In order to maintain consistency in grading, points will be deducted from assignments that are submitted after the due date and time. 10% of the total point value will be deducted for each weekday the assignment is late.
It is NOT possible to repeat an assignment to raise a grade unless otherwise stated on a specific assignment.
Your grade for the semester will be determined as follows:
Journals 40 %
Journal Article 15%
Final Exam, (TBA during week of May 9) 10%
Class Discussions and Other Reflective Activities 10 %
It is not possible to pass this class without the required 45 hours of field experience logged
Academic Honesty Policy: Plagiarize: to steal and pass off (the ideas or words of another) as one's own; use(a created production) without crediting the source. (Webster's ninth New Collegiate Dictionary)
ANY work handed in by you, with your name on it, is assumed to be YOUR WORK and YOUR WORK alone. If you work with another person or a group of people, or find a solution in another text, which you wish to submit, PLEASE give credit where credit is due. Any materials that are not documented are defined as plagiarism. Students who engage in plagiarism, cheating on examinations, multiple submission of the same work, unauthorized collaboration, falsification and/or any other violation of academic integrity will receive a grade of zero in the assignment. A second offense will result in an "E" grade in the course.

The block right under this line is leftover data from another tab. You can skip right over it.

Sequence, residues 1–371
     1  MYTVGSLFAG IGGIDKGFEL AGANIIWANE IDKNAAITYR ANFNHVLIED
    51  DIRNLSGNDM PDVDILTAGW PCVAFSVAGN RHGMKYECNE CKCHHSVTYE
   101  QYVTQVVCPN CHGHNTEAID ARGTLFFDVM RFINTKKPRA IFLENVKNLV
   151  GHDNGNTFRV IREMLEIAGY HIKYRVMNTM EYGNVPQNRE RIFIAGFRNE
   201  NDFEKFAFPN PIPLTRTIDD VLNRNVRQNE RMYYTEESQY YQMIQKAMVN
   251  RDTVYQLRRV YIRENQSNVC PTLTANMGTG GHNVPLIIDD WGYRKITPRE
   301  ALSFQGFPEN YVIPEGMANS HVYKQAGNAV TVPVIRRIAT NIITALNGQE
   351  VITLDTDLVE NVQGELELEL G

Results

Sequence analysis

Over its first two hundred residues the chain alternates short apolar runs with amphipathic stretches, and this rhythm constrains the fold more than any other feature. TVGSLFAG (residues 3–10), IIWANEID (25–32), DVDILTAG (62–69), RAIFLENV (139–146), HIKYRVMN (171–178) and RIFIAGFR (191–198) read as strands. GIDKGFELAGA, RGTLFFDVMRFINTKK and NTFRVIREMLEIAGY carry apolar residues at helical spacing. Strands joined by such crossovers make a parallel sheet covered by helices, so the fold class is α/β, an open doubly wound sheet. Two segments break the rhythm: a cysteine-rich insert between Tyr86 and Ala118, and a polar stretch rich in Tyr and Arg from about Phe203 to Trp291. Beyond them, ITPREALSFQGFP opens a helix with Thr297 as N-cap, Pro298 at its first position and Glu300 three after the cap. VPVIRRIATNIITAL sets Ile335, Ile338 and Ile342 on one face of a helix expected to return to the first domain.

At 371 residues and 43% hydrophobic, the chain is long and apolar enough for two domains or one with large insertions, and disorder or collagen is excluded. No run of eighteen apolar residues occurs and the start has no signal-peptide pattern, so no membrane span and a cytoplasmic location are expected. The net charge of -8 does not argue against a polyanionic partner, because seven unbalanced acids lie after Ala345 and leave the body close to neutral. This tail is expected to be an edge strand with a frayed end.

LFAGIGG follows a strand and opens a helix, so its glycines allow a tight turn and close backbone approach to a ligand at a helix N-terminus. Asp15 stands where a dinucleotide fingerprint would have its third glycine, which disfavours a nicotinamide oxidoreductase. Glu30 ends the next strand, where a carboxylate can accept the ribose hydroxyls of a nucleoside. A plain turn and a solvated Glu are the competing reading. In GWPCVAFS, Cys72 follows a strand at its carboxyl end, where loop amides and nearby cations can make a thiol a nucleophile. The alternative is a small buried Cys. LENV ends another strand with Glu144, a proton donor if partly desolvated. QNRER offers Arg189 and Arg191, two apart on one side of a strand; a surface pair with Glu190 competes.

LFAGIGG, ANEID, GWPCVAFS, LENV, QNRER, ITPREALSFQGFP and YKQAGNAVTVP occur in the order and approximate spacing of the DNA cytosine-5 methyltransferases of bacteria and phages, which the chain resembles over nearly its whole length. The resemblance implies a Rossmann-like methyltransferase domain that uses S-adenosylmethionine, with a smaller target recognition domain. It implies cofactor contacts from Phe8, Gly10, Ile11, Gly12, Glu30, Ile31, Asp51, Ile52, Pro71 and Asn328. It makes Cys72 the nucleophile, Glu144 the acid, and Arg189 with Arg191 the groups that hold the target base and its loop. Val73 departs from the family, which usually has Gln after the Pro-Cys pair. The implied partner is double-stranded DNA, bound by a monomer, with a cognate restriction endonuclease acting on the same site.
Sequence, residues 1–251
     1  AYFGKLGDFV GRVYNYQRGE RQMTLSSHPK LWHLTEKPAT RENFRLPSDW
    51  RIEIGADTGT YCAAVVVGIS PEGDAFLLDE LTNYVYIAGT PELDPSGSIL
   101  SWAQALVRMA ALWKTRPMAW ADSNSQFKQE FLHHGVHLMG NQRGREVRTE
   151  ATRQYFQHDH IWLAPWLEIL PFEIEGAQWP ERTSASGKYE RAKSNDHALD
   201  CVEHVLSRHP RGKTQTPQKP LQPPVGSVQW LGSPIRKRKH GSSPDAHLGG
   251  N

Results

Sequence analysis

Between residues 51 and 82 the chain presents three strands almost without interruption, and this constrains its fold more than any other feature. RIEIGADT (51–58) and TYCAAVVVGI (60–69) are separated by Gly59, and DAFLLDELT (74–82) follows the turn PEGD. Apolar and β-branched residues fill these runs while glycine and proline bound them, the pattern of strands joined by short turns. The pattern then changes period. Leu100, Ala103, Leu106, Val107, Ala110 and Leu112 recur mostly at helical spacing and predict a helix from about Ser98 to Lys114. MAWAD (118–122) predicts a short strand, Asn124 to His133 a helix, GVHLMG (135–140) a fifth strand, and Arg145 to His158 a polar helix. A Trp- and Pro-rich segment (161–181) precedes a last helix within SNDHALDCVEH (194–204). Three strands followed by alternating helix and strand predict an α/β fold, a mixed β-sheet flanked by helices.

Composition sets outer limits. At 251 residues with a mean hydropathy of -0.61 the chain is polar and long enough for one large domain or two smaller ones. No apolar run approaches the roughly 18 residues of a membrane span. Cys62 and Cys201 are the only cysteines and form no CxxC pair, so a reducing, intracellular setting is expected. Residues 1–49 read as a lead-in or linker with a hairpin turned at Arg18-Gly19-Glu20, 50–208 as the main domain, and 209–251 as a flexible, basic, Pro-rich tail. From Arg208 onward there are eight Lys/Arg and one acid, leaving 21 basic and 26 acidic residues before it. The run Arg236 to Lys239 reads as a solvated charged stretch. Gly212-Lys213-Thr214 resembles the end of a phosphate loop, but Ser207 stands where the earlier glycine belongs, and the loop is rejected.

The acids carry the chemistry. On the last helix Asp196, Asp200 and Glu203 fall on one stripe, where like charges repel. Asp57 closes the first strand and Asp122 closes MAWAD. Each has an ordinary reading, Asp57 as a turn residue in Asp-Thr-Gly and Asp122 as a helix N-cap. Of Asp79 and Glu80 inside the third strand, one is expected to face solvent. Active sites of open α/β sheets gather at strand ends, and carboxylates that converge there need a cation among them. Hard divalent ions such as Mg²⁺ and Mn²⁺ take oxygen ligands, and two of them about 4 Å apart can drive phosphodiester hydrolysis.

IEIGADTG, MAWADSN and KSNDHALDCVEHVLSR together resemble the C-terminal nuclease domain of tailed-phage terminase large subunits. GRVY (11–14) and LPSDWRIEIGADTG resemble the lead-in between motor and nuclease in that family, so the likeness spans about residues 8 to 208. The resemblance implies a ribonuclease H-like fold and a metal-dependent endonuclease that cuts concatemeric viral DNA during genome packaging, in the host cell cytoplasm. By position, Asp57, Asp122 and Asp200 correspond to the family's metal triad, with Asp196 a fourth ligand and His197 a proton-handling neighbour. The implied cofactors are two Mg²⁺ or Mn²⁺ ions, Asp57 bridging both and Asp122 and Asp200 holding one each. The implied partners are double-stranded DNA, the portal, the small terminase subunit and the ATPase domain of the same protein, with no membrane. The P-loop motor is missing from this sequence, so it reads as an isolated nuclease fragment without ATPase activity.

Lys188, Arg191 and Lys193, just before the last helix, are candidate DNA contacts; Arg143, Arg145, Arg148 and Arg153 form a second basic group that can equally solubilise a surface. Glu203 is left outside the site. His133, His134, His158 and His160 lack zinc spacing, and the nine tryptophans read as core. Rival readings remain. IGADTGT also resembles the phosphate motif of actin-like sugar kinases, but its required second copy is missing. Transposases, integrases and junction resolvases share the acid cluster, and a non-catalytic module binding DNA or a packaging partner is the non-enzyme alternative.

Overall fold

Behavior: (recommended College policy)
"All students are expected to comport themselves in a manner that does not convey to others in the college community any disrespect, intolerance, or rude behavior based on age, race, religion, color, national origin, gender, sexual orientation, disability, or marital, veteran, or socioeconomic status. All members of the college community are expected to contribute to the college environment to move the college community in the direction of respect for all". And
"The instructor may have removed from the classroom anyone who, in the instructor's opinion, is disrupting the educational process, and pursue formal changes against the student under the college judicial system, pursuant to Buffalo State College's Procedure Regarding Disruptive Individuals."
Accommodations for Students with Disabilities: If you have a disability or suspect that you have a disability that requires any type of accommodation to fulfill the requirements of this course, please contact the Office of Special Services for Students with Disabilities at 878-4500.